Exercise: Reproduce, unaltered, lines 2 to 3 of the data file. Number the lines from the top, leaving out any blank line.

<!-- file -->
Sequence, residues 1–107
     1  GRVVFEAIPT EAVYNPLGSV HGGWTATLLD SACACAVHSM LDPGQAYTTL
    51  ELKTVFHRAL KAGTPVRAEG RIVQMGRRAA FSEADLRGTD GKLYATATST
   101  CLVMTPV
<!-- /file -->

     1  GRVVFEAIPT EAVYNPLGSV HGGWTATLLD SACACAVHSM LDPGQAYTTL
    51  ELKTVFHRAL KAGTPVRAEG RIVQMGRRAA FSEADLRGTD GKLYATATST